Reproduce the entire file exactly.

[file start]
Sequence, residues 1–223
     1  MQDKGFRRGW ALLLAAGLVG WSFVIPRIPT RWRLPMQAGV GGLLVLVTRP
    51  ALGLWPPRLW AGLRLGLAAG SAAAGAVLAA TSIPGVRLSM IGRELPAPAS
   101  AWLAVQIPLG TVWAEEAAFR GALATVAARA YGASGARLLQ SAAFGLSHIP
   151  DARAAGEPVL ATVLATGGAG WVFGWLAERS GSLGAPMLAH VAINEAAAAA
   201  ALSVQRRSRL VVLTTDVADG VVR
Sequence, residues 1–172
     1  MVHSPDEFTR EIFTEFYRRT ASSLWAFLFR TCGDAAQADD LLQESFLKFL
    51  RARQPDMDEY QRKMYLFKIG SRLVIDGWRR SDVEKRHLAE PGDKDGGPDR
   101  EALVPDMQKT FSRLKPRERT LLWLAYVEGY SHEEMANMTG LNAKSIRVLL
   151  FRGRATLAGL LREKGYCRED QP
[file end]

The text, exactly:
Sequence, residues 1–223
     1  MQDKGFRRGW ALLLAAGLVG WSFVIPRIPT RWRLPMQAGV GGLLVLVTRP
    51  ALGLWPPRLW AGLRLGLAAG SAAAGAVLAA TSIPGVRLSM IGRELPAPAS
   101  AWLAVQIPLG TVWAEEAAFR GALATVAARA YGASGARLLQ SAAFGLSHIP
   151  DARAAGEPVL ATVLATGGAG WVFGWLAERS GSLGAPMLAH VAINEAAAAA
   201  ALSVQRRSRL VVLTTDVADG VVR
Sequence, residues 1–172
     1  MVHSPDEFTR EIFTEFYRRT ASSLWAFLFR TCGDAAQADD LLQESFLKFL
    51  RARQPDMDEY QRKMYLFKIG SRLVIDGWRR SDVEKRHLAE PGDKDGGPDR
   101  EALVPDMQKT FSRLKPRERT LLWLAYVEGY SHEEMANMTG LNAKSIRVLL
   151  FRGRATLAGL LREKGYCRED QP